Did you know that on average, an obese person in the US spends $1,429 more annually on medical bills? This may be in part due to the fact that obesity puts you at a much higher risk for heart disease, stroke, and Type 2 diabetes, among other things.
Being overweight or obese also increases your risk of developing back pain, joint pain, and muscle strains. Your risk of developing low back pain is heightened even more if you carry extra weight around your midsection as that weight pulls your pelvis forward, straining your low back. Sounds painful, doesn’t it?
Carrying around extra weight can also put unwanted pressure on other spinal structures, like your discs. Overweight and obese people are more likely to experience sciatica or low back pain due to a herniated disc or pinched nerve.
The complications of weighing in above a healthy weight are pretty bleak, but there’s a glimmer of hope on the horizon. A lot of the conditions listed above can be mitigated by weight loss. In fact, losing weight can even help prevent some of these conditions altogether.
For example, losing weight drastically lowers your risk of developing osteoarthritis. This is because the added weight strains your joints more, leaving you more susceptible to developing osteoarthritis. Once the weight is lost, the stress on your joints is relieved.
The two main components of weight loss are diet and exercise. It’s important to aim for good nutrition and a balanced diet. Each person’s dietary needs vary, so it may be a good idea to consult a nutritionist when you first begin watching what you eat.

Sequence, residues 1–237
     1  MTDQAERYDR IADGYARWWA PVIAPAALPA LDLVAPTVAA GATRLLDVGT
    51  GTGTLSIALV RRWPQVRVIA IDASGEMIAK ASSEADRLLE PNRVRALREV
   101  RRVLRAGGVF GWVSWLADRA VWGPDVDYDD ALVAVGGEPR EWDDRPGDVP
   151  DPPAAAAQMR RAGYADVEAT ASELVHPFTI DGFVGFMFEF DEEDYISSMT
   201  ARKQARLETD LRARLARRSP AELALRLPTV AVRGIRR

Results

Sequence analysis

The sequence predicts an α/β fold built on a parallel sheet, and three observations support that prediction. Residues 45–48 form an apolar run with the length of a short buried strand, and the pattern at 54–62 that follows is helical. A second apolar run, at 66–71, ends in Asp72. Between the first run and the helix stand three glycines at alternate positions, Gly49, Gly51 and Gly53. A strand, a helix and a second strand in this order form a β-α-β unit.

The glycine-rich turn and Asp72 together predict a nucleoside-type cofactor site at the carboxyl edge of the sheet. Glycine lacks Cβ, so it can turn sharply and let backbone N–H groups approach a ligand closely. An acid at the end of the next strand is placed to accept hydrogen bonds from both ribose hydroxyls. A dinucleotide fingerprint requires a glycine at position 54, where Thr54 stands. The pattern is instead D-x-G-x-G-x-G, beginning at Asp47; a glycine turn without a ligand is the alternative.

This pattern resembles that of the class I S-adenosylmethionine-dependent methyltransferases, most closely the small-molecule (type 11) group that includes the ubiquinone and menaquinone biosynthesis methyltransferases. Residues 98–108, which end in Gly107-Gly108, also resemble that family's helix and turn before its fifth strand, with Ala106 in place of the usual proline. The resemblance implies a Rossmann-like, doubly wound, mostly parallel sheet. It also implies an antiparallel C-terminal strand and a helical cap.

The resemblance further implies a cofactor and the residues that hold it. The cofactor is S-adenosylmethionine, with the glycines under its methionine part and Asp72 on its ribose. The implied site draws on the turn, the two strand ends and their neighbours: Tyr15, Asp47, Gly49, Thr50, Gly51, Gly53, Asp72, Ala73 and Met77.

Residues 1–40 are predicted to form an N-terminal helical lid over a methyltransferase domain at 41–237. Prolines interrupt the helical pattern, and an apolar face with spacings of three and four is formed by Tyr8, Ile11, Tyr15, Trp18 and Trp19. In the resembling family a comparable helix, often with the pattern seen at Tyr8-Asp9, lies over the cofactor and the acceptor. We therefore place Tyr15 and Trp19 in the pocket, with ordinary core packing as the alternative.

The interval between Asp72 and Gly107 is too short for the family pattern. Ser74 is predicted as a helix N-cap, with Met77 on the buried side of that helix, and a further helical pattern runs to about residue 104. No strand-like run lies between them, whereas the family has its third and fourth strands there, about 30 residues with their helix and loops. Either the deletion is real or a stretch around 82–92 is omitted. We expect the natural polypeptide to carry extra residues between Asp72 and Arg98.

As for exercise, if you’re already suffering from back pain, it may be hard to motivate yourself to exercise regularly. What you probably don’t know is that exercise actually stimulates healing in the spine.
Physical exercise causes the discs in your spine to swell with water and then squeeze it out, exchanging nutrients between the discs and the rest of your spine. When you don’t exercise regularly, your spinal discs are deprived of the nutrients they need to function properly.
In addition to maintaining a healthy spine, regular exercise also boosts your mood, helps you sleep better at night, and helps ward off those dangerous health conditions we mentioned above, to only name a few of the benefits.
Of course, before you implement a new exercise program, it’s important to consult your physician. As always, feel free to reach out to us with any spine-specific questions you may have.